The Woonasquatucket River Greenway Festival in 1997 drew 1,000 participants for a day of canoeing, pony rides, and entertainment. Local businesses sponsored the event and donated canoes and volunteers for the day. Entertainment was provided by neighborhood groups. Students from D'Abate Elementary School wrote and performed songs and dances with an environmental theme.
A class from Perry Middle School gave a dramatic presentation on the history of the river from its original pristine condition to its present state. They included a reference to a blue dye that changed the color of the river during the 1940s. Children who went swimming in the river against the wishes of their parents had their disobedience revealed by the blue dye.
Ongoing activities such as river cleanups and land beautification projects reflect the communities' awareness of the potential for environmental improvements. Three community centers have volunteered to help maintain areas along the river, and as more improvements are made, others are expected to "adopt" areas to clean up.
Members of the coalition of local groups also focus on other issues that are important to the neighborhood and complementary to the restoration of the brownfields. For example, the Olneyville Housing Project joined forces with Habitat for Humanity and the R.I. Organizing Project to promote housing rehabilitation and home ownership along the river corridor.
Community involvement in the planning process for the Greenway and brownfields redevelopment has been extensive. The biggest obstacle to be overcome was the skepticism of the community that any entity, public or private, would invest money to improve their neighborhood. According to project director Sherman, "Planning meetings began with a blank map, slides of the area, and no promises." Eighteen planning sessions at schools, churches, community centers, and housing projects established the direction for the project's master plan. The meetings were publicized with press releases and bilingual flyers distributed in the neighborhoods. Strategies for the reuse of the brownfields sites were integral to the discussions. The most common requests from all the meetings were for green space with grass and flowers and for a bicycle path along the river to provide a safer, more direct way to get to local stores and community services. The planned bicycle and pedestrian path will be a link to downtown Providence and to public transit, and the path will play a critical role as a transportation alternative for the "welfare-to-work" program.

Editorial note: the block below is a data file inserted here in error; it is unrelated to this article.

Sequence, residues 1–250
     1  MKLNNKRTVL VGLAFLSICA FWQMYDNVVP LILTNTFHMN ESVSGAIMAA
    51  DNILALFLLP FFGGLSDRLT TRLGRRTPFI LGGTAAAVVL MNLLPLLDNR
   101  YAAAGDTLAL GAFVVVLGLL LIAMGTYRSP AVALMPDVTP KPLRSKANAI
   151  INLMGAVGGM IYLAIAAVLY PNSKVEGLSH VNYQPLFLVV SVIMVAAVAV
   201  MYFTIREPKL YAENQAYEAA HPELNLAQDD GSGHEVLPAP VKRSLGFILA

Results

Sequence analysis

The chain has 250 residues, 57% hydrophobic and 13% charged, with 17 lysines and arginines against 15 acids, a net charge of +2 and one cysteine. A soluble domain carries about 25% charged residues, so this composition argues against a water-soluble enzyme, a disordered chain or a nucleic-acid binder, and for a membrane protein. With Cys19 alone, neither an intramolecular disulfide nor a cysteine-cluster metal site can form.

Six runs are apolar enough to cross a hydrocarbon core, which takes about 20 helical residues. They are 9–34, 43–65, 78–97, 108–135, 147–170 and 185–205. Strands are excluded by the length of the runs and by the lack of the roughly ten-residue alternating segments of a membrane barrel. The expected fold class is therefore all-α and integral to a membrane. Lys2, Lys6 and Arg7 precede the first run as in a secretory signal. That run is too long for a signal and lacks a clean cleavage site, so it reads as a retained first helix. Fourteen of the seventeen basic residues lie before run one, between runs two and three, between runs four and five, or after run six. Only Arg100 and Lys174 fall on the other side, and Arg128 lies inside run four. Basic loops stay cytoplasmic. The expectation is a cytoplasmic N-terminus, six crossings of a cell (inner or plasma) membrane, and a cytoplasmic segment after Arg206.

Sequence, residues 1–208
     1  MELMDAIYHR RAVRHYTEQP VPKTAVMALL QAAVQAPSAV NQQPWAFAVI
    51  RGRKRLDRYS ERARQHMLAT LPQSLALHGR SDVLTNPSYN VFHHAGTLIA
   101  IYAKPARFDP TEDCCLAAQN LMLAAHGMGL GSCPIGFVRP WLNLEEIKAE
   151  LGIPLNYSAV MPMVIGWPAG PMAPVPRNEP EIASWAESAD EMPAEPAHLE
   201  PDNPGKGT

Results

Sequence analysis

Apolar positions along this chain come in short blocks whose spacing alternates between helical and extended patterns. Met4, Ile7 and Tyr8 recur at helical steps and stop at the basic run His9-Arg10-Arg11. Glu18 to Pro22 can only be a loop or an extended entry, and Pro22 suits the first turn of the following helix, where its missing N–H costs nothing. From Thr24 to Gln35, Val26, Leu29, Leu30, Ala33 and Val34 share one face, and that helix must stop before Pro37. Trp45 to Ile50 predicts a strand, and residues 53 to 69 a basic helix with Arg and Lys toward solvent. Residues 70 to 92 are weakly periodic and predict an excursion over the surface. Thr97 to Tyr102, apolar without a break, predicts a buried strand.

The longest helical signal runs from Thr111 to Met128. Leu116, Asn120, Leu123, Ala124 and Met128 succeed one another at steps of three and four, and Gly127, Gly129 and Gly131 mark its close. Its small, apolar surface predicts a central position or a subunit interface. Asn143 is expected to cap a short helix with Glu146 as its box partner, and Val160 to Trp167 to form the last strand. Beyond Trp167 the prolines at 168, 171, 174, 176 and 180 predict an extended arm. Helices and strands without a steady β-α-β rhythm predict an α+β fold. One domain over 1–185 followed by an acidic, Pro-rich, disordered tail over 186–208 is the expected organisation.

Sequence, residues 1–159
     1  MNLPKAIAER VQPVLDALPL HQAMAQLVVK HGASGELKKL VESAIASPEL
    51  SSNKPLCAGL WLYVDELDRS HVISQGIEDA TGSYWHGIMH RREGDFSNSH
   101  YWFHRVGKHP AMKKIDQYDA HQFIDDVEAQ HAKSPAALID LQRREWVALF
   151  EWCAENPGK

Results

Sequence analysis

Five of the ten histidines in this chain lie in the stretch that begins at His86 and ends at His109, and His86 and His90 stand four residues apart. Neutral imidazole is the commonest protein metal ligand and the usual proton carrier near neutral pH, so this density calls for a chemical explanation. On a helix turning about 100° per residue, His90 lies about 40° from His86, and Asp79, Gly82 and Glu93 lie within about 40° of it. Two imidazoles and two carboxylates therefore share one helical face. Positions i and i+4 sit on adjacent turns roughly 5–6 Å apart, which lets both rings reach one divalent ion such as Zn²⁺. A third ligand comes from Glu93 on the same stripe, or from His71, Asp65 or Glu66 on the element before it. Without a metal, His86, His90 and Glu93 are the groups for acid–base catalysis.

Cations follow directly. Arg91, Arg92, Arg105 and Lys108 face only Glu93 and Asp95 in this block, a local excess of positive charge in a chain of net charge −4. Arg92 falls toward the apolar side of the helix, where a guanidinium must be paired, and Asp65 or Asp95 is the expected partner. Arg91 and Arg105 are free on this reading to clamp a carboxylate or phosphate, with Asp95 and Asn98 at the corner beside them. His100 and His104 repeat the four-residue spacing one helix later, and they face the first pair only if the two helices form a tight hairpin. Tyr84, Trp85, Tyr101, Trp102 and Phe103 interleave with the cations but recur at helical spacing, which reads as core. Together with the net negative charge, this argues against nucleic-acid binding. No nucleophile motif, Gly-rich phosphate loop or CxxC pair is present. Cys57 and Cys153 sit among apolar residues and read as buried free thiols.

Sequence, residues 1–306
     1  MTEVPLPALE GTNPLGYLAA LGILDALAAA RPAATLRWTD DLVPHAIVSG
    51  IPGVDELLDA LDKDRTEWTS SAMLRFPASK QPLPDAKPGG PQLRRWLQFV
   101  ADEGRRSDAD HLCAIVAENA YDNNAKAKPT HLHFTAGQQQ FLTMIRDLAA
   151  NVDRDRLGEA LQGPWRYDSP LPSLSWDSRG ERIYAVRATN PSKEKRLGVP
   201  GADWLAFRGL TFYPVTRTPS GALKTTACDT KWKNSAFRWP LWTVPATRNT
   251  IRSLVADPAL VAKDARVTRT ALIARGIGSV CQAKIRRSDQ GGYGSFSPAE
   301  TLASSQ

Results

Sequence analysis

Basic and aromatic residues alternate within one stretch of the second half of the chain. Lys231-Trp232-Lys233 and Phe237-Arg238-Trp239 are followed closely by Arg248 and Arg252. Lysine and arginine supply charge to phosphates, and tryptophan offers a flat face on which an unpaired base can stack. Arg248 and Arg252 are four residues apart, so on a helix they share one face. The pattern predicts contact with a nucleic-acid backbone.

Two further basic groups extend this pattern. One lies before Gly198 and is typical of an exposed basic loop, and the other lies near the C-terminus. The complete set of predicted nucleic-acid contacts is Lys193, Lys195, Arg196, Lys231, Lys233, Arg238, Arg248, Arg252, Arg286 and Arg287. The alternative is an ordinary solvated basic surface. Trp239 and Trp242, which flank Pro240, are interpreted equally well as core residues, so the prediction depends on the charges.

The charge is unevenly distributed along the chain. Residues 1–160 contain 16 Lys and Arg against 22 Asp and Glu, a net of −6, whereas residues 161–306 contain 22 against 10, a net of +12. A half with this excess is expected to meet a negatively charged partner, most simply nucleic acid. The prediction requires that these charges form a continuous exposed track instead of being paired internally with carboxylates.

Partnerships and Financing Issues
The Brownfields Showcase Community designation allowed the sponsors of the Greenway to pull together a number of traditional and innovative sources of funding and technical assistance for the many elements of this undertaking. The Providence Plan has received both public and private funding for the Greenway Project. Major contributors from the private sector include the Lila Wallace-Reader's Digest Fund, Citizens Bank, and the Merck Family Fund. Environmental Justice and Environmental Education grants from EPA were used to defray the costs of outreach and public education activities.
The Greenway Project was one of the first urban programs in New England to partner with the National Parks Service's (NPS) Rivers and Trails Conservation Assistance Program. NPS provided technical assistance for community events and developed educational materials specific to the Woonasquatucket River watershed area for use by local schools. In addition, NPS and The Providence Plan collaborated on developing an informational brochure about the Greenway Project.